Maryland Carey Law mourns the loss of Elijah E. Cummings ’76
Dean Donald Tobin and the entire Maryland Carey Law community are profoundly saddened by the loss of beloved alumnus Elijah E. Cummings ’76.
“Congressman Cummings was a true lawyer-leader who taught us that we can only be our best selves if we are fighting for those most often left behind and overlooked,” says Dean Tobin, remembering an impassioned speech the congressman gave at the law school, urging students to use their JDs to do good in the world. “His legacy of compassionate leadership is a shining example for us all. He showed us every day how to use the tools gained in law school to lift people up. And he did it because he cared deeply about people—the people of Baltimore, the people of this state and this nation.”
Cummings maintained a close relationship with Maryland Carey Law throughout his career and was a longstanding member of the Board of Visitors.
“I watched him again and again give his precious time to our students,” adds Tobin. “He mentored them, taught them, worked with them, and helped them achieve.”
Some of those students are members of the Maryland Carey Law Black Law Students Association (BLSA), of which Cummings was president during his own law school days. Kayla Johnson ’21, BLSA’s current president, says she feels honored to walk in his footsteps. “He has helped to open so many doors, and knowing I hold the same position in BLSA that he held while a student at Maryland Carey Law is inspiring,” says Johnson. “He was a strong leader by example especially during times of chaos and unrest, during the Civil Rights movement and today, he stood tall as a man of great dignity, unity, and compassion. I am extremely grateful for his contributions to Maryland and beyond and will do my best to honor his legacy.”
In February, the congressman returned to the law school to celebrate the association’s 50th anniversary and honor his dear friend and supporter Prof. Larry Gibson,” whom Cummings considered a mentor.
In a tribute to Cummings on his Facebook page, Gibson wrote that he didn’t view his relationship with Cummings as one of mentor and mentee, “We were simply brothers trying to improve things.”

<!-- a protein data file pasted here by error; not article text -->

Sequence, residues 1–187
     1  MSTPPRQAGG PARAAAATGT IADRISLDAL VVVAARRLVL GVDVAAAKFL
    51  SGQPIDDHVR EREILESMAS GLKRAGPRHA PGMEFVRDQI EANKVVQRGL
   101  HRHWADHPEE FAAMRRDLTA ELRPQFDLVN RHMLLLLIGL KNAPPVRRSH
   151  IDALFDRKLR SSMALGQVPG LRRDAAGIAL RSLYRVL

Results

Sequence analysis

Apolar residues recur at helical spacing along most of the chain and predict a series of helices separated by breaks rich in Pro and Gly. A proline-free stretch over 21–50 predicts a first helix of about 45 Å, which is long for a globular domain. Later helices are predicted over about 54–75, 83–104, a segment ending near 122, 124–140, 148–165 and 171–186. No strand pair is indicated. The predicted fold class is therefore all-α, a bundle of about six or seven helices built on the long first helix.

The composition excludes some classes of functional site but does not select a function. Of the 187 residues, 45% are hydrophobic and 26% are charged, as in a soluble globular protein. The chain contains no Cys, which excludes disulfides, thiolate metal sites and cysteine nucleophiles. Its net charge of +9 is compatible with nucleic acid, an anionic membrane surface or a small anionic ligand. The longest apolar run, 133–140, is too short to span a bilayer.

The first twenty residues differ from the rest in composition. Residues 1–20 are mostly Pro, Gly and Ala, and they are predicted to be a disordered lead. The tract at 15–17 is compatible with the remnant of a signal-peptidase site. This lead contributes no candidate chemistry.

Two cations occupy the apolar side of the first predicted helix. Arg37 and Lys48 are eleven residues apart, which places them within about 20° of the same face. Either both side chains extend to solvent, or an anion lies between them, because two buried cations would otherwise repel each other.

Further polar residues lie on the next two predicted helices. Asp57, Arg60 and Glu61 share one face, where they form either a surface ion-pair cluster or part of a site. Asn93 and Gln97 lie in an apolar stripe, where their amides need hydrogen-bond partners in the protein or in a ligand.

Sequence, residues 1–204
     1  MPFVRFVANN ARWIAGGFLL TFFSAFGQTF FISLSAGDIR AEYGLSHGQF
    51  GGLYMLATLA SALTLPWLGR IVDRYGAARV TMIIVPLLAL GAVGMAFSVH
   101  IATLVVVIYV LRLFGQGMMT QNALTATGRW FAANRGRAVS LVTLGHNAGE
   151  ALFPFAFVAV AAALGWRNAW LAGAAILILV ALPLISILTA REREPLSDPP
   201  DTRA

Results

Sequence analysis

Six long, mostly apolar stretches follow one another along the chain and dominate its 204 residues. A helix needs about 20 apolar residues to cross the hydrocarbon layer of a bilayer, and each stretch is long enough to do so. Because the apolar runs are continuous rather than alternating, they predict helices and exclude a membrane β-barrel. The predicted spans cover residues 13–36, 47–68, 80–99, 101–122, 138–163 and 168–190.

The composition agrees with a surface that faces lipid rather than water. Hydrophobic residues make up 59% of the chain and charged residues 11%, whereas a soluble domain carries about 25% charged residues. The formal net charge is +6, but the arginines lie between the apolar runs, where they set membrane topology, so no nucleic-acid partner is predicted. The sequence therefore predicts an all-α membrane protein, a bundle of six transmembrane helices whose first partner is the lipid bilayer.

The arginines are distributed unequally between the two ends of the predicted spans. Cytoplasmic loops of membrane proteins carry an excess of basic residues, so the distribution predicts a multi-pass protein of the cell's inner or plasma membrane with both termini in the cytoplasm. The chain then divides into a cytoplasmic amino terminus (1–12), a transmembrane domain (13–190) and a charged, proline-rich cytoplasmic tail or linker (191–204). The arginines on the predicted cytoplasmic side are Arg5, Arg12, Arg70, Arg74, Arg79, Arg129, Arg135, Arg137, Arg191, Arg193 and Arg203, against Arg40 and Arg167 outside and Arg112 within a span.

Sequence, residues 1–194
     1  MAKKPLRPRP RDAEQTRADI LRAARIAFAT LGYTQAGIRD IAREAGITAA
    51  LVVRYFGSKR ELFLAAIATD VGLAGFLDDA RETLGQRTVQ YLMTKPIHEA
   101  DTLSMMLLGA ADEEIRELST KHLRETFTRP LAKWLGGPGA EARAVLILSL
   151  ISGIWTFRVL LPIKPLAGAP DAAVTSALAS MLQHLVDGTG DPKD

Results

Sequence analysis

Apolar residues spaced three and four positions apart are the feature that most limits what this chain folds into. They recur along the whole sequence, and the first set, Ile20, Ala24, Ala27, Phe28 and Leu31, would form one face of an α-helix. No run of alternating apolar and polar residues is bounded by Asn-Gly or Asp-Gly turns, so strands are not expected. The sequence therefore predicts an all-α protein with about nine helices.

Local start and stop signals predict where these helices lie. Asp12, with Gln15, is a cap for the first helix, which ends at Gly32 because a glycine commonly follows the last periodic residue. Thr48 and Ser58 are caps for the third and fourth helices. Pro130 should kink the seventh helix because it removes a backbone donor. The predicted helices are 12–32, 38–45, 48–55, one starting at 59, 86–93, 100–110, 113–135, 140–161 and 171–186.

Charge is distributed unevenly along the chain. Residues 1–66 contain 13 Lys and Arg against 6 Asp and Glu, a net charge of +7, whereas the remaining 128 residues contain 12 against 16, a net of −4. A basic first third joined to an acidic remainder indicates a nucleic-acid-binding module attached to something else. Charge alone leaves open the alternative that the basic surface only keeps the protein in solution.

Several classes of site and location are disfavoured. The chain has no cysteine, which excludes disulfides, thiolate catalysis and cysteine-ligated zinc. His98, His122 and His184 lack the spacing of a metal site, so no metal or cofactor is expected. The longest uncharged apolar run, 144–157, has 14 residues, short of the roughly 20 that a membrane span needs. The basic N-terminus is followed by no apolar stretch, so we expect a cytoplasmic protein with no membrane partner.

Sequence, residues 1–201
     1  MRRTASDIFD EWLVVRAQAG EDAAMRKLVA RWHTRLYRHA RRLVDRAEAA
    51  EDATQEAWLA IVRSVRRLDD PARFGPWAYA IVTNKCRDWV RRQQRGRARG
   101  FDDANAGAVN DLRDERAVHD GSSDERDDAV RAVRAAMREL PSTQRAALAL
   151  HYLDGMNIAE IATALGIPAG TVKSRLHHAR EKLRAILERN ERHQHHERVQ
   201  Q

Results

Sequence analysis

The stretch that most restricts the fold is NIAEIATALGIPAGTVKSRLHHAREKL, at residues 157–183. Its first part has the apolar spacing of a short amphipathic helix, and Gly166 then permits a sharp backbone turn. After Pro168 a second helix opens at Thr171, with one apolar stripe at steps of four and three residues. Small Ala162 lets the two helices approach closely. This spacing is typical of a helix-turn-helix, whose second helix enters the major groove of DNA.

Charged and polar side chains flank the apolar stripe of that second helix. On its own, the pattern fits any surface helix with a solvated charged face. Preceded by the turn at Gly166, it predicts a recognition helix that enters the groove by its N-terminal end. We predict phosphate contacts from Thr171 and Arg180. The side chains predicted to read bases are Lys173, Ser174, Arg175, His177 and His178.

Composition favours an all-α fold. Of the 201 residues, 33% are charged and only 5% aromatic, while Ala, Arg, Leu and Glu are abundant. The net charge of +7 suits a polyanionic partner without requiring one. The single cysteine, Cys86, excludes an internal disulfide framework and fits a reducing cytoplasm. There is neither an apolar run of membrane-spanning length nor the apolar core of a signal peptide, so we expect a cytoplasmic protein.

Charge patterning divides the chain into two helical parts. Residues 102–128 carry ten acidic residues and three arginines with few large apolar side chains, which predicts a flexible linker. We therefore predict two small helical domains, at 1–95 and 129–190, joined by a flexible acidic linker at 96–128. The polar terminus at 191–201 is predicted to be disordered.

Gibson’s comment gets to the heart of what drove Cummings. “My mission is one that comes out of a vision that was created long, long ago,” said the congressman in his first speech on the floor of the U.S. House of Representatives in 1996. “It is a mission and a vision to empower people—to make people realize that the power is within them and that they too can do the things they want to do.”
So respected was the longtime civil servant that he was in a position to take to the streets in the midst of the unrest in Baltimore following the death of Freddie Gray, fearlessly calling for peace with his bullhorn. In 2016, Cummings returned to his alma mater to co-sponsor a police reform town hall with the NAACP Legal Defense and Educational Fund and Maryland Carey Law, at which more than 200 city residents shared their thoughts and experiences on Baltimore policing with attorneys from the Department of Justice.
“It is impossible to imagine a member of Congress I trusted more than Elijah Cummings,” tweeted Sherrilyn Ifill, president and director-counsel of the NAACP Legal Defense and Educational Fund, and former Maryland Carey Law professor. “He was fiercely committed to Baltimore City, but committed most of all to fighting for justice and opportunity for those living at the margins. LDF has been privileged to work with Rep. Cummings for nearly a decade on housing discrimination, transportation and policing reform issues in Baltimore City. His focus was always on measures that would lift people up.”
A Baltimore-born son of sharecroppers, Cummings began his career as a civil rights leader when he was 11, organizing protests, which led to the integration of a Baltimore City swimming pool. He graduated Phi Beta Kappa from Howard University before completing his JD at the University of Maryland School of Law in 1976. Dedicating his life to public service, Cummings spent his early career in the Maryland House of Delegates where he was the first African American in the state’s history to be named speaker pro tem.
In 1996, he won a seat in Congress in a special election when former Rep. Kweisi Mfume vacated his seat to lead the NAACP. When he passed away, Cummings was in his 13th term passionately advocating for Maryland’s 7th District, and had risen to the powerful position of chairman of the Committee on Oversight and Reform, the main investigative committee in the House of Representatives. He also chaired the Congressional Black Caucus in 2003-2004, leading the group into the national spotlight.
Fellow Maryland Carey Law alumnus Sen. Ben Cardin ’67 reflected sentiments common at the law school upon learning of Cummings’ passing. “Rep. Cummings and I shared a city, an alma mater, a love of the law and a life of public service,” tweeted Cardin. “I am deeply saddened by his passing, and my prayers today are with his family and loved ones—and the people of Baltimore.”